Financial Market Constraint And Home Business

Financial-Market-Constraint

Entrepreneurship is an activity that encourages job creation and innovation that can support economic growth. Inter-country data from the Global Entrepreneurship Monitor (GEM) shows that countries with a high level of entrepreneurship, thus the average economic growth rate will also be high. At the individual entrepreneur level, it tends to be more rapid to rise to a better level of welfare (Bradford, 2003).

This is one of the important aspects in entrepreneurship utilizing business opportunities which are often translated into the form of opening new businesses (Aldrich and Cliff, 2003). With this progress, the GEM survey measures entrepreneurship using 2 methods, namely the number of new company openings and the number of companies that are able to survive after being established.

Even though it has an important role, entrepreneurship must be prepared to face various challenges. The most serious challenge that must be faced is the problem of financial limitations. When viewed from the point of view of credit provision, for example, credit restrictions are caused by asymmetric information (Stiglitz and Weiz, 1981) and this problem is bigger for newly established businesses.

If you start a new business, you will need initial capital. If there are no obstacles in the financial market, the decision to open a business is not related to the individual’s financial situation. If access to financial markets is limited, only individuals with sufficient assets are able to start new businesses (Holtz-Eakin et al, 1992).

According to Caner and Saridakis et al, who argue that financial limitations can cause the growth of new companies to be less vulnerable so that they are unable to survive (low survival rate).

Financial Market Constraint

If you want to analyze the financial market constraint hypothesis, Evan and Leighton and Evan and Jovanovich. If you look at the second relationship between a newly opened business or self-empyoment with individual asset ownership. However, there is another study, namely from Hurst and Lusardi using the same strategy to analyze this hypothesis at the household level and the results show that the business opening and wealth of these entrepreneurs are positively associated both at the individual level and at the household level. Or it can be called the Financial Market Constraint, which is very suitable for individual and household entrepreneurs.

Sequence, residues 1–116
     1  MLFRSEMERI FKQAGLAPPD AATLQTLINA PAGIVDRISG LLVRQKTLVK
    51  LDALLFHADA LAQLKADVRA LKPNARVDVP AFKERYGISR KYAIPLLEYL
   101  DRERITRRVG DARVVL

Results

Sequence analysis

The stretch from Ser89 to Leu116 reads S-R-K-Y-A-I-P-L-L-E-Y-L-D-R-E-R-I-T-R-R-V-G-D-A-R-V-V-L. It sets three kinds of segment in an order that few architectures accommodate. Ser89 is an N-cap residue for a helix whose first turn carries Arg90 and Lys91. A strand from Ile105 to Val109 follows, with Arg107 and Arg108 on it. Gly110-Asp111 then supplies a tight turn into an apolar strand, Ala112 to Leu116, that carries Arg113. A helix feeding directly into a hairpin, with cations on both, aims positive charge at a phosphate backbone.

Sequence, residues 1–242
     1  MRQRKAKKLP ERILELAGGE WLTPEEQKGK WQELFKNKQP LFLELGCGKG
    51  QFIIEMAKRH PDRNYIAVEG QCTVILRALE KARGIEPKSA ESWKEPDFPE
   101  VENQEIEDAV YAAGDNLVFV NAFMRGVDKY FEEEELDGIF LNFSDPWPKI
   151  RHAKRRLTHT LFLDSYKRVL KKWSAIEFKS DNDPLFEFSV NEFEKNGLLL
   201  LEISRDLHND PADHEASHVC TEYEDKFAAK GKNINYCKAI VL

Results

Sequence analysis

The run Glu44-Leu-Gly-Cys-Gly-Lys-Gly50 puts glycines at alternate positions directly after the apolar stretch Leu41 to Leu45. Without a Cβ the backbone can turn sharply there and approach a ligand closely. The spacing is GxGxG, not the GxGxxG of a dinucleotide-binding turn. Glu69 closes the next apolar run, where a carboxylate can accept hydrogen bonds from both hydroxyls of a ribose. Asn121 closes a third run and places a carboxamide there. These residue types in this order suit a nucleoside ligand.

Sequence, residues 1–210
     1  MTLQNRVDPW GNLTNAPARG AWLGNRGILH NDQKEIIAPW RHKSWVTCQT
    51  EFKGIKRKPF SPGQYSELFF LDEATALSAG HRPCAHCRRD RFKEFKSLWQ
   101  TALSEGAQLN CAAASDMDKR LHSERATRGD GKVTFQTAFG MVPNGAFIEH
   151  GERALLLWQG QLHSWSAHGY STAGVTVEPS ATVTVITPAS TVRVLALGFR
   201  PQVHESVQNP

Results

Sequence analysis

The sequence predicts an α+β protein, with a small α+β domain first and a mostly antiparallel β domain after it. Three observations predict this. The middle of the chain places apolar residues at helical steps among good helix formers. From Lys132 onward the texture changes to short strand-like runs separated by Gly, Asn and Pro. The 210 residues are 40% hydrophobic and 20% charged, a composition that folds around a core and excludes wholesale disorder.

To test financial market constraints is still a polemic or is still a conspiracy. Cancer argues that a positive relationship between wealth or assets and the opening of new businesses in the rich can occur due to differences in tax rates between workers and entrepreneurs. And according to Cressy, the positive relationship between wealth and the opening of new businesses can be related because individuals are increasingly willing to take risks if their wealth increases, not because of financial market constraints.

Individuals who are less risk averse will prefer to open new businesses, while those who are more risk averse will prefer permanent jobs. As time goes by and wealth increases, individuals will be increasingly willing to take big risks and will choose to become entrepreneurs.

Buera shows that the relationship between assets and wealth of new ventures is not so monotonous, this relationship is positive for poor households (low assets) and the negative for rich households is that this rich individual does not open a new business which may be a bad entrepreneur.

The effect of assets on the opening of a household business can also be analyzed for different asset distributions using five asset quintiles. The first quin-tile comprises 20% of low-wealth households. So that the fifth quintile is households with higher asset holding.

From the results of buera analysis which supports that assets have a very negative effect on households with a lot of assets or wealth. However, there was not found a relationship between wealth between new business openings and the other four quintiles. Rich households will have higher entrepreneurial skills that are able to open new businesses and other people will choose their jobs.

An IFLS data can also help or allow us to analyze a financial market constraint on the opening of a new business directly. There are two types of questions in the IFLS survey that are used as a tool or to see the function of financial market constraints, namely “Do you know where to borrow money?” For the second one is “During the last 12 months, did you know where to borrow money? / Have you been successful in getting a loan? “. These two results show that knowing where to get a loan and the results of getting that loan can increase the probability of opening a new household business.

Financial Market Constraints according to or which have been explained by Evan and Leighton are not found in some countries. Countries that are still developing or are still weak will usually rely more on relationships with relatives to meet their business capital needs. However, developed countries always depend on the formal financial system.